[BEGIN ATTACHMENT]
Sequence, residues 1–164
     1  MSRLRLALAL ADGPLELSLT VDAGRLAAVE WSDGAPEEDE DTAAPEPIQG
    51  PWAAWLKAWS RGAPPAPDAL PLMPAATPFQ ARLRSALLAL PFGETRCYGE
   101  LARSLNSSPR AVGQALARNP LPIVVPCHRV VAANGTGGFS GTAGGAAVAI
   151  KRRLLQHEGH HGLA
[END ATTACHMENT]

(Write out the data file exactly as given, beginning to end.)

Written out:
Sequence, residues 1–164
     1  MSRLRLALAL ADGPLELSLT VDAGRLAAVE WSDGAPEEDE DTAAPEPIQG
    51  PWAAWLKAWS RGAPPAPDAL PLMPAATPFQ ARLRSALLAL PFGETRCYGE
   101  LARSLNSSPR AVGQALARNP LPIVVPCHRV VAANGTGGFS GTAGGAAVAI
   151  KRRLLQHEGH HGLA